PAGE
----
How the nuclear evacuation plan was scuppered in Crawley
A secret plan to move almost 10 million people from cities at the first sign of nuclear attack was ruined by a single Left-wing council in Sussex.
The socialist leaders of Crawley urban district council refused to take part in the national civil defence plan known as the dispersal scheme, under which communities were divided into three classes: dispersal, neutral or reception.
The obduracy of Bob May, Alf Pegler and their fellow Labour councillors, which lasted four years, delayed the implementation of the scheme, which finally had to be withdrawn and rethought.
The events have come to light with the release in recent days of Ministry of Housing and Local Government papers dating back more than 40 years.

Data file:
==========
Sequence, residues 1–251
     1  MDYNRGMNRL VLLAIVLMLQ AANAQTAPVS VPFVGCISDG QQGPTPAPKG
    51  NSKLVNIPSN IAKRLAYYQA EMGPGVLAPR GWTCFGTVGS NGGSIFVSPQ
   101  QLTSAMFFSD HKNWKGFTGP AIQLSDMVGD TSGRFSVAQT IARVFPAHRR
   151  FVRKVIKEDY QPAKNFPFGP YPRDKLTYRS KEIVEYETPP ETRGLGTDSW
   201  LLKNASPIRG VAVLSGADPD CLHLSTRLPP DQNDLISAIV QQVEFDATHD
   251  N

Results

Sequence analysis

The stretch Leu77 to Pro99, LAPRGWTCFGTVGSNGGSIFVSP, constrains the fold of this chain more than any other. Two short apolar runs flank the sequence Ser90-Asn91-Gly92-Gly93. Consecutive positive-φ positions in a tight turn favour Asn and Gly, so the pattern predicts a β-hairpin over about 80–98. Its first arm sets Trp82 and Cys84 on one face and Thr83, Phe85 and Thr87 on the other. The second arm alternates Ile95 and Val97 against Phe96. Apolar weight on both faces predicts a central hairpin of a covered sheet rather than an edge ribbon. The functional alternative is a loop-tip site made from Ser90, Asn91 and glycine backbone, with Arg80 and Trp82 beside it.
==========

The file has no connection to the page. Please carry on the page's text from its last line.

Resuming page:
Under the dispersal scheme, drawn up after a 1960 report into likely targets of a Soviet nuclear attack, urban areas with 9.5 million people would be evacuated as soon as the Government decided that war was imminent.
According to papers at the National Archives in Kew, the evacuees would be moved to outlying “reception” areas, including the far south-east of England, leaving a buffer zone of “neutral” areas which would not be evacuated, but would not receive refugees either.
Crawley, a new town of about 27,000 next to the infant Gatwick airport, was just on the “reception” side of the border with “neutral” Surrey towns such as Horley and Dorking. The town, which was populated by skilled and highly-unionised engineering workers who had moved out of the bomb-damaged ruins of south London, was due to receive 21,000 Londoners, mostly women, children under 18 and the elderly.